George Alan MAXWELL, Appellant. v. Harriet Sunshine PIPER and John Doe Piper, wife and husband and their marital community, Respondents.
This case involves a motor vehicle accident at an uncontrolled intersection. The question is whether the evidence is sufficient to support a finding of contributory negligence. The trial court answered yes, and so do we. Thus, we affirm.1
In Vancouver, Washington, Eighth Street and V Street intersect. Eighth Street runs east and west, V Street runs north and south, and the intersection is not controlled. When vehicles are parked on the east side of V Street, just south of Eighth, a driver westbound on Eighth cannot see to the south on V, and a driver northbound on V cannot see to the east on Eighth.
On March 11, 1993, George Maxwell was driving west on Eighth while Harriet Piper was driving north on V. They agree that neither could see the other because of vehicles parked along the east side of V. They collided in the intersection, and Piper's vehicle rolled into a third one, driven by James Brown. Maxwell was the favored driver, and Piper the disfavored driver.2
In January 1994, Maxwell sued Piper for personal injuries. In October 1995, the trial court convened a jury trial. Witnesses included Maxwell, Piper, and Brown. Maxwell testified to his approach to the intersection as follows:
I came almost to a stop, ․ put it in second gear ․ and on the south side there was a house there and on that south street where Mrs. Piper came from was a car, a van and a pickup, and then some kind of a moving van, some kind of a bigger van behind it, down along that street. I couldn't see. As I crept out, I looked and I got to the point of you either go or you don't go and I'm sticking out to the point right there․ I looked one more time, and as I pulled out she was right in front of me․ I remember getting my foot on the brake but I never had time to push it.
Piper testified as follows:
Q: Did you see this car to your right; that is, George Maxwell's vehicle?
․ Did you see this car to your right prior to the time it struck your car?
A: I didn't see him, no....
There was cars parked along the side, and he wasn't visible.
Q: All right. Where were these cars parked along the side?
A: On my right-hand side up to the corner.
Q: They were ․ right on the right-hand side of V Street?
Piper estimated she was three-quarters of the way across the intersection when the collision occurred. Brown testified that he was driving south on V, just north of Eighth, when he saw both Piper and Maxwell approach the intersection.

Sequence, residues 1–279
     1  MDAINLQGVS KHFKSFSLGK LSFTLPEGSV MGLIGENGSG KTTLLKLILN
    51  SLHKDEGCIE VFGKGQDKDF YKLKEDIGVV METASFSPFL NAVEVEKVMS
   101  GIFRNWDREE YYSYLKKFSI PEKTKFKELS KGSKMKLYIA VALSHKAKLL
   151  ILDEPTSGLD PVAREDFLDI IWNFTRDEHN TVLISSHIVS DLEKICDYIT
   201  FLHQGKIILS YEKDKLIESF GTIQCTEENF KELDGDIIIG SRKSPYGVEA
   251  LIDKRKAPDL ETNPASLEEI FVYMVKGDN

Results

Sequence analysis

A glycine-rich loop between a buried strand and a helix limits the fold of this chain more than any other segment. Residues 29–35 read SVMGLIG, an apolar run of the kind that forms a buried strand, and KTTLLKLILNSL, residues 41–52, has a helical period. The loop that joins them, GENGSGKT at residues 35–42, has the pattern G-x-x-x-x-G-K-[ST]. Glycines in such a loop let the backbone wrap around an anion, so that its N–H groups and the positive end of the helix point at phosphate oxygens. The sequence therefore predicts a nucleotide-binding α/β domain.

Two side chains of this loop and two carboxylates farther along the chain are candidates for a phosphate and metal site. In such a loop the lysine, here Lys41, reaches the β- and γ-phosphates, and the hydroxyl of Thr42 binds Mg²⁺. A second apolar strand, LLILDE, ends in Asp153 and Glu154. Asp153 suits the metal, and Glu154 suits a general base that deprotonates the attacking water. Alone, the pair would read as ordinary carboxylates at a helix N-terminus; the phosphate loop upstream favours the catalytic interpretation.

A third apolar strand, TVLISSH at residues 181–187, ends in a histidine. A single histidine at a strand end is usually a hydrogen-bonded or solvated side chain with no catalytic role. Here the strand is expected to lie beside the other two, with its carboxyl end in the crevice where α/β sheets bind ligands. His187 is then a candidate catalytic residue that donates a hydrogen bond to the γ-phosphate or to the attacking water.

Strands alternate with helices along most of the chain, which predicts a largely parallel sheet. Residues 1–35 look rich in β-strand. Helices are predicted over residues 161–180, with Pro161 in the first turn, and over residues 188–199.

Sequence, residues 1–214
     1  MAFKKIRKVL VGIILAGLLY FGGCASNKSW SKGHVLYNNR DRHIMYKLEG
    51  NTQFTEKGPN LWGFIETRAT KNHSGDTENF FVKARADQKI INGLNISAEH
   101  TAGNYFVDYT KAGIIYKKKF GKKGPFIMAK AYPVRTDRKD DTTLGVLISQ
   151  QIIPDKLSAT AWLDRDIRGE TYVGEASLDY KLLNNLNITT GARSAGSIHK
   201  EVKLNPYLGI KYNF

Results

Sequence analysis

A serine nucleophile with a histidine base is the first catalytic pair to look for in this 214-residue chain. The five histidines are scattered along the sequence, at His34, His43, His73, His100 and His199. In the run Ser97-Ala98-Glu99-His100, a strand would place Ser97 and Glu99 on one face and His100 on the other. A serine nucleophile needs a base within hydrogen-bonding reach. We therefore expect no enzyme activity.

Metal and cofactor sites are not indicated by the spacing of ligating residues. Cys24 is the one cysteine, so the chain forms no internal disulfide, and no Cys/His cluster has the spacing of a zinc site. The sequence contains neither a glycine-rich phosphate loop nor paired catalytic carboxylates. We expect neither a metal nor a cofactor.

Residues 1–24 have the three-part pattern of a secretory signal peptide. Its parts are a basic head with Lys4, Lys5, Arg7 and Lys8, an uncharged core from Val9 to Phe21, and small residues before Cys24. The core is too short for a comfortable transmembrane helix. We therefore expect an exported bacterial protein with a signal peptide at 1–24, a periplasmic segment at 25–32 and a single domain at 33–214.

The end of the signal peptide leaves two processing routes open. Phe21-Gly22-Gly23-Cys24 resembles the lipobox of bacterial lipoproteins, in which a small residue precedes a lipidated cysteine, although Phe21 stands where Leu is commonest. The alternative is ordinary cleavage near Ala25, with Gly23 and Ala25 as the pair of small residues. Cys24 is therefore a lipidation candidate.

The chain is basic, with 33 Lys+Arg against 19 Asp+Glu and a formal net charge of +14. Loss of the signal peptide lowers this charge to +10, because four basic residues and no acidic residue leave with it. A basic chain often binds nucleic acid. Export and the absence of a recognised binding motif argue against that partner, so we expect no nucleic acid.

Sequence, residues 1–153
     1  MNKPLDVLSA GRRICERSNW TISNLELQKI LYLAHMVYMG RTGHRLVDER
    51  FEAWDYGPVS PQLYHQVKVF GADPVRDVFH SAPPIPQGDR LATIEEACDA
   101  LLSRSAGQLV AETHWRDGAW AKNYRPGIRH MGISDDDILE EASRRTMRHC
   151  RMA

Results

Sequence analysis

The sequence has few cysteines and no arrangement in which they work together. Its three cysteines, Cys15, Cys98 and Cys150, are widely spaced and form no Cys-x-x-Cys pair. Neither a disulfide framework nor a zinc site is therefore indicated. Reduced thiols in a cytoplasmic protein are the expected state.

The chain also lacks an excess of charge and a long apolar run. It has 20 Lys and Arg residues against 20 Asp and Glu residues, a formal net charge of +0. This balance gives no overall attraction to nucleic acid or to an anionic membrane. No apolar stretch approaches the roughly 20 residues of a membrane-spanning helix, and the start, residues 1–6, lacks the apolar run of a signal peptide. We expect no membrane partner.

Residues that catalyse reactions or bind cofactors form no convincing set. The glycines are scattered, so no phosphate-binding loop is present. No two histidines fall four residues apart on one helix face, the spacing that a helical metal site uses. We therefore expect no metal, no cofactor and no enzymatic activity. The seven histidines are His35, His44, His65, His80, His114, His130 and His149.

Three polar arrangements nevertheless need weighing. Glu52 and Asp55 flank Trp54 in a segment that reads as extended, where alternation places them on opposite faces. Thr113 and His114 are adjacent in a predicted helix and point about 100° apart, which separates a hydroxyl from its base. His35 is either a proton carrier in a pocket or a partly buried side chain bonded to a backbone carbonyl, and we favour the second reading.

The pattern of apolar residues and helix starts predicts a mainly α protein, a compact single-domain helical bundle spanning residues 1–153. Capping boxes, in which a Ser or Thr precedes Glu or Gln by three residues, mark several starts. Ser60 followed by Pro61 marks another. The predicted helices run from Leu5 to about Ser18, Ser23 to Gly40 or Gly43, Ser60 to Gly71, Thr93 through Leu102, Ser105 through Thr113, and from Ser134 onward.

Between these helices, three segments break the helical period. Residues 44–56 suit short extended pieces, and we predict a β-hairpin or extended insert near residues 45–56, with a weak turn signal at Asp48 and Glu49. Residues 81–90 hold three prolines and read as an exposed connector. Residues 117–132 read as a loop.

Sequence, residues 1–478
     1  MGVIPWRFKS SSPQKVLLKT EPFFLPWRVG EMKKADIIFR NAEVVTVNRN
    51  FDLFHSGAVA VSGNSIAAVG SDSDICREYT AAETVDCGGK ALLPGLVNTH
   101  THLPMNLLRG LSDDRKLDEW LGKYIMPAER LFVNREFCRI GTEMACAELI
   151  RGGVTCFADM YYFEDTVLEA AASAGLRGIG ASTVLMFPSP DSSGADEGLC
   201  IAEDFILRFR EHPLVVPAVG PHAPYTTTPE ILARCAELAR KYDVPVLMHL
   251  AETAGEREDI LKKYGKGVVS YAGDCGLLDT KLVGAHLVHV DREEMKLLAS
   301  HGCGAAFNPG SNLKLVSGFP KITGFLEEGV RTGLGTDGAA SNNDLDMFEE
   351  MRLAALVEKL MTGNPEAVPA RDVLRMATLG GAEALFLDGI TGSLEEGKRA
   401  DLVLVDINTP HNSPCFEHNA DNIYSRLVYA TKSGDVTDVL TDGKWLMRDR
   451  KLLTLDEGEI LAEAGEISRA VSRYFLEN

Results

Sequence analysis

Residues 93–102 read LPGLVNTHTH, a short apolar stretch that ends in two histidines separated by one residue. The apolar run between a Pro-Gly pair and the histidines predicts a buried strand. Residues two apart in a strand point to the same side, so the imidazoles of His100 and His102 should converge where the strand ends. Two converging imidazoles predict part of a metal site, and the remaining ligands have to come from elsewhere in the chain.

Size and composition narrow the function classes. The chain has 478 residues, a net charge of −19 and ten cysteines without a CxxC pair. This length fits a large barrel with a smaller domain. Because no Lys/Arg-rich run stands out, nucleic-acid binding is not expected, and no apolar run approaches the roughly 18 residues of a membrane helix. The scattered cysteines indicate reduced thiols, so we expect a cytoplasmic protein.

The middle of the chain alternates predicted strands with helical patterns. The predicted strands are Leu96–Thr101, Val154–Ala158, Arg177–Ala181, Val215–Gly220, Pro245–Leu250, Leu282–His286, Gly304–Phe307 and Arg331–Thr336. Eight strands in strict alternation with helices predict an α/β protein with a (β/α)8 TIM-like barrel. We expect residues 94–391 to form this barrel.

Q: Just tell us what happened․
A: Okay. The accident happened at the intersection of V and 8th Street․ I was southbound․ I observed Mrs. Piper ․ and she was driving very slowly, I would guess anywhere from 10 to 15 miles an hour. Struck me as a typical little old lady who's hardly able to see over the wheel․ And I saw this gentleman coming from my left on 8th Street, and ․ I stopped because ․ I could see that something was going to happen if someone didn't do something because they were on a collision course....
․ I observed him on my left coming in his pickup toward the intersection, and as I saw him he was looking toward me ․ and at no time did I observe him look around to see Miss Piper. And, conversely, at no time did I see her particularly look at the intersection looking for him. Or any other traffic either direction. And so like I say, I stopped, knowing something was going to happen, and ure enough, neither one of them stopped. However, Mrs. Piper was well into the intersection such that she was two-thirds of the way through when he hit her broad side ․ and she just coasted into the front of my little Honda wagon ․
Q: Did you see Mr. Maxwell's car slow at all as he entered the intersection?
A: I couldn't say whether he slowed or not. Neither one of them was going fast. There's no question that anybody was speeding. You know, it was just a case of they were both neither one of them saw each other as far as I could tell. And they didn't the impact happened because they were both in the same spot at the wrong time.
Q: Did you ever see Mr. Maxwell look to his left to see if any traffic was coming from Mrs. Piper's direction? A: I didn't see him look to the left. That doesn't mean he didn't because maybe I was looking at her at that time.[[[[[[[
At the close of the evidence, Maxwell asked the trial court to rule that Piper was negligent as a matter of law, and that he was not negligent as a matter of law. The trial court ruled that Piper was negligent as a matter of law and so instructed the jury. The trial court declined to rule that Maxwell was not negligent as a matter of law, instructing instead, over Maxwell's objection, that Maxwell's negligence, if any, was for the jury to decide. The jury found Maxwell's total damages to be $12,468 and apportioned negligence 60 percent to Piper and 40 percent to Maxwell. After the entry of judgment, Maxwell filed this appeal, in which he claims that the evidence was insufficient to support the jury's finding of contributory negligence and that he should receive the balance of the total damage award ($4,987). It is undisputed that Piper was negligent in failing to yield the right-of-way.